If it's been a number of years since your last visit, you will be surprised by all the habitat changes. Several hundred acres of reed canary grass have been restored to willow, Wapato, rushes, sedges and other native plants. Restoration is ongoing, with opportunities to participate in plantings several times a year. 

Educational programming serves over 5,000 visiting school children, and another 1,000 are reached by traveling programs. Community and adult education programming is increasing with the recent addition of a Nature Program Supervisor to the Jackson Bottom staff. 

Keep in touch with upcoming programming by checking the Intertwine calendar of events, the City of Hillsboro Parks & Recreation calendar, or, better yet, by coming out for a visit to the Jackson Bottom Wetlands Preserve.


Steve Engel is the Nature Program Supervisor at the Jackson Bottom Wetlands Preserve, a facility of the City of Hillsboro Parks & Recreation department. He is a naturalist, educator, songwriter, animal tracker, field biologist kind of guy who enjoys helping people learn about the natural world.

A River Runs Through Us

A podcast series aims to chart a forward course for Willamette restoration

October 1 2014

With credit and a humble apology, I take the title of Norman Maclean’s book A River Runs Through It and strive to make it more personal and inclusive by replacing “It” with “Us.”

For we, the people who now call Oregon home, should have a personal relationship with the many river arteries that run through our state: the Deschutes, John Day, Klamath, Malheur, Columbia, Trask, Pudding, Wilson -- the list goes on.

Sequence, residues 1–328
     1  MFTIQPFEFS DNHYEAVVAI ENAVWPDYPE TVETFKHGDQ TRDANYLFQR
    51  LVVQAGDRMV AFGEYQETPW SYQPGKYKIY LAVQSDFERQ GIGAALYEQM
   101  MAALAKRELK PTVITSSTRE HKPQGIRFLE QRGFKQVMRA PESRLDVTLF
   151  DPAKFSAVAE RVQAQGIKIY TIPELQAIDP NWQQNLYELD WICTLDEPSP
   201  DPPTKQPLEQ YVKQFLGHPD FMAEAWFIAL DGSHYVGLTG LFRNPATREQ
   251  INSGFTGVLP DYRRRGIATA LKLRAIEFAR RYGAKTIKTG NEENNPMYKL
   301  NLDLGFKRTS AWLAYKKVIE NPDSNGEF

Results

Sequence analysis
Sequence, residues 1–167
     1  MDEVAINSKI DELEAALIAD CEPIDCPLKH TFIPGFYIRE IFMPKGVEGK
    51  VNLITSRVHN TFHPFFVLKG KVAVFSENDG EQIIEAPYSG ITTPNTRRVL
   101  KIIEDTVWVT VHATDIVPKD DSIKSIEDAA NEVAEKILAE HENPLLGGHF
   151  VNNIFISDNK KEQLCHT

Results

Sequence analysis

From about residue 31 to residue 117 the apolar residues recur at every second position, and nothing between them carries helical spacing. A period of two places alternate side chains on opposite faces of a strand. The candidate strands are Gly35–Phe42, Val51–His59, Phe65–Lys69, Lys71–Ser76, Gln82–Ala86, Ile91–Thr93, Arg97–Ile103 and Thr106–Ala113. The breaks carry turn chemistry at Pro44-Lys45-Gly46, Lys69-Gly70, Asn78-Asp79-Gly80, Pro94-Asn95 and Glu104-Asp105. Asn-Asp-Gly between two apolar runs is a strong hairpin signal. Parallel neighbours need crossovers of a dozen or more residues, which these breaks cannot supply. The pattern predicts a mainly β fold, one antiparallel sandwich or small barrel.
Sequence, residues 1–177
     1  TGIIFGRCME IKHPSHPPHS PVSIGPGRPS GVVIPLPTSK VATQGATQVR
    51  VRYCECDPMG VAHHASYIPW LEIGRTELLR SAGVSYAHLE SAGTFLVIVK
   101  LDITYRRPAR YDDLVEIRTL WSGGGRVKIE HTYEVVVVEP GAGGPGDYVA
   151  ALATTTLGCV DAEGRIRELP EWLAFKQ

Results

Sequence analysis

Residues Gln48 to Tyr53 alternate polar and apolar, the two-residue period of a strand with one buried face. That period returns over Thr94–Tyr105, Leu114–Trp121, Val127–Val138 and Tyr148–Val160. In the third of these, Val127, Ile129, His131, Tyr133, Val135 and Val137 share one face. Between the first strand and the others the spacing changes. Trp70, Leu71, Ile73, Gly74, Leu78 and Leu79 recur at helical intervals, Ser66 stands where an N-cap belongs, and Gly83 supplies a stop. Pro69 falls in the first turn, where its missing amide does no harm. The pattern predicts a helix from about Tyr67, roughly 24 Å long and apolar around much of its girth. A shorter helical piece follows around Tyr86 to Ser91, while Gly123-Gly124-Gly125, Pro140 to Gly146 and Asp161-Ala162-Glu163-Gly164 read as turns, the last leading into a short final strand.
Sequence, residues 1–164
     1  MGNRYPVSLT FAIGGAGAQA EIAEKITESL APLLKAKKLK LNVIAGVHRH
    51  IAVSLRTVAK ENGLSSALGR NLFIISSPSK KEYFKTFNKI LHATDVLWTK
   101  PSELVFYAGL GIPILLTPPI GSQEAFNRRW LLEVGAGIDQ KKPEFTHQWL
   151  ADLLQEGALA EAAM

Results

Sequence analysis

But no river has been altered, used, abused, and loved like the Willamette.

Call it the happenstance of human migration, the mistakes of our mothers and fathers, progress, or opportunity; this river, which many of us see each day, has defined where we live.

What the Willamette has seen; from the earliest human settlements thousands of years ago, to the massive and repeated Missoula Floods, where the depth of water rose up to what is now the highest floors of our Portland bank towers, to the commerce and recreation of the recent past -- this river was and does shape our lives.

As the Willamette Valley changed, so did the river. Where once grasslands, oak savannas, meanders and floodplains made for a natural balance of nature, our river has now has been “tamed” into a channel.

Over the “modern” years, it has been used as a garbage dump, toilet, a place where “out of sight, out of mind” was the operating procedure, manifested by either letting waste materials leach into the soils adjacent to the waterway, or by simply pouring it directly into the water.

Such was the accepted practice for almost 100 years.

We have used the Willamette for commerce, manufacturing, ship-building, industry and recreation. Yet for centuries, this river was a major source of life giving food and materials to the Native Americans. You can see where the uses conflicted with one another.

Which brings us to where we are now. How do we rectify past abuses that stemmed from industrial progress? How do we go forward?

There is hope. Tribal Nations, environmental and recreational organizations, large and small companies, government agencies and neighbors -- all share a common goal: to bring the lower Willamette back to a healthy state.

We know that we will never be able to rewind history and arrive at where the river was before we came here. But, working together, we can create a new legacy where past ills are identified, worked on, and corrected.

For over 18 years, I had the honor of serving Oregon as the executive director of Governor Tom McCall’s non-profit organization, SOLVE.

One of my favorite quotes of all time came from this remarkable lover of his adopted state. Tom McCall proclaimed, “Heroes are not giant statues, framed against a red sky. They are people who say, “this is my community and it is my responsibility to make it better.”